The ID number identifies which specific entry the workflow was run on and the List number identifies which list the entry resides in. I will create a hyperlink that takes the ID from the current item (Dataview) and substitutes the List number as a variable as well.

I think that this log process contains a lot of untapped potential and I will be updating this post as I add to the log.


Paul Galvin pointed out that I forgot to mention some  of the possible downfalls to this logging method. You can see his blog here

Thanks for Reading


Entry filed under: SharePoint Designer, SharePoint Tips and Tricks. Tags: , , , .

Create a Virtual Time Card System Web Application Design (part 1)

8 Comments Add your own

  • 1. Jason Rakowski  |  May 16, 2008 at 2:03 pm

    Good Layout and design. I like your blog. I just added your RSS feed to my Google News Reader. .

    Jason Rakowski

  • […] Well, Sanjeev Rajput beat me to it.  Have a look.  […]

  • 3. Paul Galvin  |  May 18, 2008 at 12:18 pm

    Great post.

    I was going to blog on this subject too, but you beat me to the punch 🙂

    I did blog about it, but referred to yours and added a few of my own thoughts here: http://feeds.feedburner.com/~r/PaulGalvinsSharepointSpace/~3/292810313/cns!1CC1EDB3DAA9B8AA!1092.entry

    –Paul Galvin

  • […] Well, Sanjeev Rajput beat me to it.  Have a look.  […]

  • 5. ThiNg  |  June 11, 2008 at 7:29 pm

    Thanks for the feedback Jason. I hope you enjoy the new tips I posted today as well.

  • 6. Richard Jacobs  |  June 12, 2008 at 2:51 pm


    Great blog!

    I have been in discussion with my project manager about how to extend the workflow history list (as it doesnt hold enough detail) and this is perfect!

    Question though, I am writing a custom workflow in VS2008, how can write to a custom list using c#?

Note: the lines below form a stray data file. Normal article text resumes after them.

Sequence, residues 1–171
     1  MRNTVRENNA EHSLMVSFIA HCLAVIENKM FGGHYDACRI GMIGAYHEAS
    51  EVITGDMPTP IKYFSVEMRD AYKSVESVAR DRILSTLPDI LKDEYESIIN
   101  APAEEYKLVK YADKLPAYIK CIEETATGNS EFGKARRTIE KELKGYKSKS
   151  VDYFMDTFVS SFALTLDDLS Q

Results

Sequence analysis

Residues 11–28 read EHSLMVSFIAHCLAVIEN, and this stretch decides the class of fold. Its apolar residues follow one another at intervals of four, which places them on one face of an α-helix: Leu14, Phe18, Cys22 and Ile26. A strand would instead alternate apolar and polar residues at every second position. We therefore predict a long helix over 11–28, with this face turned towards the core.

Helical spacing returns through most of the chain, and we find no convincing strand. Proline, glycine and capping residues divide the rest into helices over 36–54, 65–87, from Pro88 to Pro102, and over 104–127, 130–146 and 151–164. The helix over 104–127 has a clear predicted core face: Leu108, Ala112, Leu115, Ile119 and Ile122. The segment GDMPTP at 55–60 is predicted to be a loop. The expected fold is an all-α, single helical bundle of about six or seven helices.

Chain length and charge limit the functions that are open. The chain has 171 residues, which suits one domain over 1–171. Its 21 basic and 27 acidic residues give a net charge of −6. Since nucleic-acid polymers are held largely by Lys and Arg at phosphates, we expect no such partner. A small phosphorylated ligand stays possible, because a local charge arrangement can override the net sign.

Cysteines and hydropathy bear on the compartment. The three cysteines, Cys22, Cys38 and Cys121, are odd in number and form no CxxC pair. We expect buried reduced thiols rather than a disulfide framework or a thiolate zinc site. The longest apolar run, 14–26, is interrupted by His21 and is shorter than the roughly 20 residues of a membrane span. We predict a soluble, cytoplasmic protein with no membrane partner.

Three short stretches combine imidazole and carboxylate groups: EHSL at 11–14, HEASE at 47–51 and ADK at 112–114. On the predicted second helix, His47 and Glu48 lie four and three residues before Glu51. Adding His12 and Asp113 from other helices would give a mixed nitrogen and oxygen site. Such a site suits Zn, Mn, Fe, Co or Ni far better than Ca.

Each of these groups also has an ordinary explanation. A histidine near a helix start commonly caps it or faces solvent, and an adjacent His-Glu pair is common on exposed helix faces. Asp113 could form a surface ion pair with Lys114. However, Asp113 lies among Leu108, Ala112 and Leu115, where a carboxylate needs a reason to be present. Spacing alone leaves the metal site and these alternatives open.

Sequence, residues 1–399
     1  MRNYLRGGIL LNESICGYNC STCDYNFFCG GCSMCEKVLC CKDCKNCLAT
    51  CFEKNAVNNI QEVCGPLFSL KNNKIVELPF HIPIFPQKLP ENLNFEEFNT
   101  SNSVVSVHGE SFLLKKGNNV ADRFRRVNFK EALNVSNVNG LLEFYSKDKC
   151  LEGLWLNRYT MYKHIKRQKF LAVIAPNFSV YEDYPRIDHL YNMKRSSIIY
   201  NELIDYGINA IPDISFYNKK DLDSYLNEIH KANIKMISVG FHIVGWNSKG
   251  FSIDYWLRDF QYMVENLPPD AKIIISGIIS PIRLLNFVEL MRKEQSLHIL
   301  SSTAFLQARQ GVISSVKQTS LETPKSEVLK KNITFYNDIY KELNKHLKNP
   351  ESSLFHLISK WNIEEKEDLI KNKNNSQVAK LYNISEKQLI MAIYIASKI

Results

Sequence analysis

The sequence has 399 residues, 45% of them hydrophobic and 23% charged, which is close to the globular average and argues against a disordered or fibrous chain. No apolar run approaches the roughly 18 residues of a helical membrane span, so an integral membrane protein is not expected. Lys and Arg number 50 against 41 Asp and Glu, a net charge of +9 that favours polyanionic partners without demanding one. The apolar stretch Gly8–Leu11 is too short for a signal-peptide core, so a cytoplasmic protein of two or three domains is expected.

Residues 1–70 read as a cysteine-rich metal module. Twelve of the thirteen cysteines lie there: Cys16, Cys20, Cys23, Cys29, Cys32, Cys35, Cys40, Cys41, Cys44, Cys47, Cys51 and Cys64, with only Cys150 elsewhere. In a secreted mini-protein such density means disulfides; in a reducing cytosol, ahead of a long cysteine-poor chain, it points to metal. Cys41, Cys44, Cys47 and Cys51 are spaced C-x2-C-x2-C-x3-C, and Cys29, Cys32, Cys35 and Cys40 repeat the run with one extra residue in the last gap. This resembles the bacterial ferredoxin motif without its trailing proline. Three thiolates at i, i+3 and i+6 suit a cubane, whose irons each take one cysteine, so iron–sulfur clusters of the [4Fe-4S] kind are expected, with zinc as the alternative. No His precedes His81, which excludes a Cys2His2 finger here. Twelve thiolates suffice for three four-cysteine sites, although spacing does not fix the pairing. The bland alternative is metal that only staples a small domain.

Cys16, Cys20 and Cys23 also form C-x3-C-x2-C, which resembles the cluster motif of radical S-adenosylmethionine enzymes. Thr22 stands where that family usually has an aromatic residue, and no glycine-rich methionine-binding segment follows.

Many thanks

  • 7. ThiNg  |  June 12, 2008 at 3:51 pm

    Hi Richard,

    Thanks for reading. I appreciate the feedback.

    Everything I have read says that it is better to create the custom list in SharePoint from the browser. I don’t even use SharePoint Designer to create new lists, I always go back to the browser and create them. Once the custom list is made, it can be referenced from your workflow code.



  • 8. Chris  |  February 2, 2010 at 10:44 pm

    Alternatively, you can leverage the Workflow History List to display your custom messages.

    If using declarative workflows, (1) build a string variable using the Action “Build Dynamic String” and (2) log the string variable as the message using the Action “Log to History List”.

    If using non-declarative workflows (i.e. Visual Studio workflows), (1) use the SPWorkflow method “CreateHistoryEvent”.


Leave a Reply

Fill in your details below or click an icon to log in:

WordPress.com Logo

You are commenting using your WordPress.com account. Log Out /  Change )

Google+ photo

You are commenting using your Google+ account. Log Out /  Change )

Twitter picture

You are commenting using your Twitter account. Log Out /  Change )

Facebook photo

You are commenting using your Facebook account. Log Out /  Change )


Connecting to %s

Trackback this post  |  Subscribe to the comments via RSS Feed

%d bloggers like this: